Question: Is It Feasible Look For Allele Specific Expression Of Rna-Seq Data When The Dna Sequence Is Not Known
0
gravatar for camelbbs
7.6 years ago by
camelbbs670
China
camelbbs670 wrote:

I want to ask a question about using rnaseq to detect allele.

We only have rnaseq in sample A and B, but we don't have WGS or exomeseq on that samples.

So Is that possible for us to detect allele-specific expression in sample A or B? Can we use hg19 genome reference to be a reference to filter the SNP in genome?

Thanks a lot!!!

allele • 3.3k views
ADD COMMENTlink modified 7.6 years ago by Robert0 • written 7.6 years ago by camelbbs670
2
gravatar for Chris Miller
7.6 years ago by
Chris Miller21k
Washington University in St. Louis, MO
Chris Miller21k wrote:

You can't detect allele-specific expression in RNA-seq unless you know the allelic status of the DNA. For example, if you see entirely As expressed at one location, does it mean that the DNA is entirely A, or does it mean that it's a het A/C with allele-specific expression?

You could, however, detect a subset of biased expression patterns. If you see 90% As and 10% Cs, you can be fairly confident that the DNA is A/C and that you're seeing biased expression of the A allele. The caveat here is that you'll miss any site that is 100% expression of one allele or the other (for the reasons outlined above).

Really, to do this type of analysis, you're going to want to have RNA and DNA sequence from the same sample.

ADD COMMENTlink written 7.6 years ago by Chris Miller21k

This is really a much better answer than mine.

ADD REPLYlink written 7.6 years ago by Sean Davis26k

Thanks so much Chris, so far we only have rnaseq data and can't have DNAseq in recent future. So if I compare allele across samples, can it be explained while there only have A in sample x, but only have C in sample y?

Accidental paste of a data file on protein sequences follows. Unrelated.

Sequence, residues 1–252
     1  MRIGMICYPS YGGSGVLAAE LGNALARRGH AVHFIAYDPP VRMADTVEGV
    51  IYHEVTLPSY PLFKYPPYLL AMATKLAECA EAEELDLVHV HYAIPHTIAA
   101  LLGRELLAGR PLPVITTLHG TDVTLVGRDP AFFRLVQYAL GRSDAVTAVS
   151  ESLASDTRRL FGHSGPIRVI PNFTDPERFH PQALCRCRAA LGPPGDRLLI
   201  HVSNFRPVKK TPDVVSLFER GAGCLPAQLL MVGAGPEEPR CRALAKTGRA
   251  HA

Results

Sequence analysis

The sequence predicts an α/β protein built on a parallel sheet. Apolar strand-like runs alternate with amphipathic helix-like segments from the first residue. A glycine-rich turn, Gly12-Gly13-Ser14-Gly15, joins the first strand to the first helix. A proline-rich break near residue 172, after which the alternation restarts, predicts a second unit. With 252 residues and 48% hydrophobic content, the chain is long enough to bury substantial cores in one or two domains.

ADD REPLYlink modified 7.6 years ago • written 7.6 years ago by camelbbs670

Depends on your samples. If this was an extremely inbred mouse strain, then you might be able to say with some confidence that the reference strain has an AC at this position, so observing only A is likely to be due to skewed expression and not a mutation. In humans, you might also be able to look at allele frequencies from dbSNP or 1000 genomes to get an idea of how often you see A and C in the population. To be completely sure that you're seeing an RNA-level skew, though, you really need to know what the alleles are in the DNA.

ADD REPLYlink written 7.6 years ago by Chris Miller21k

Got it. Thanks a lot!

ADD REPLYlink modified 7.6 years ago • written 7.6 years ago by camelbbs670
1
gravatar for Sean Davis
7.6 years ago by
Sean Davis26k
National Institutes of Health, Bethesda, MD
Sean Davis26k wrote:

Roughly, the process for calling variants in RNA-seq is going to be:

  1. Align the reads using an RNA-seq aligner (gsnap, STAR, tophat2)
  2. Call variants (multiple options here, also)
  3. For each variant, look at the proportion of reads containing the variant

This process will likely have a high false-positive rate unless you use some heuristic filtering.

ADD COMMENTlink written 7.6 years ago by Sean Davis26k
0
gravatar for Robert
7.6 years ago by
Robert0
San Diego, CA
Robert0 wrote:

I use Partek Genomics Suite to estimate allele-specific expression from RNA-Seq data alone.

ADD COMMENTlink written 7.6 years ago by Robert0

HI, I know Partek can detect allele expression across samples, but since we don't have DNA seq from that sample, how to explain our result. Maybe Chris did it above.

ADD REPLYlink written 7.6 years ago by camelbbs670
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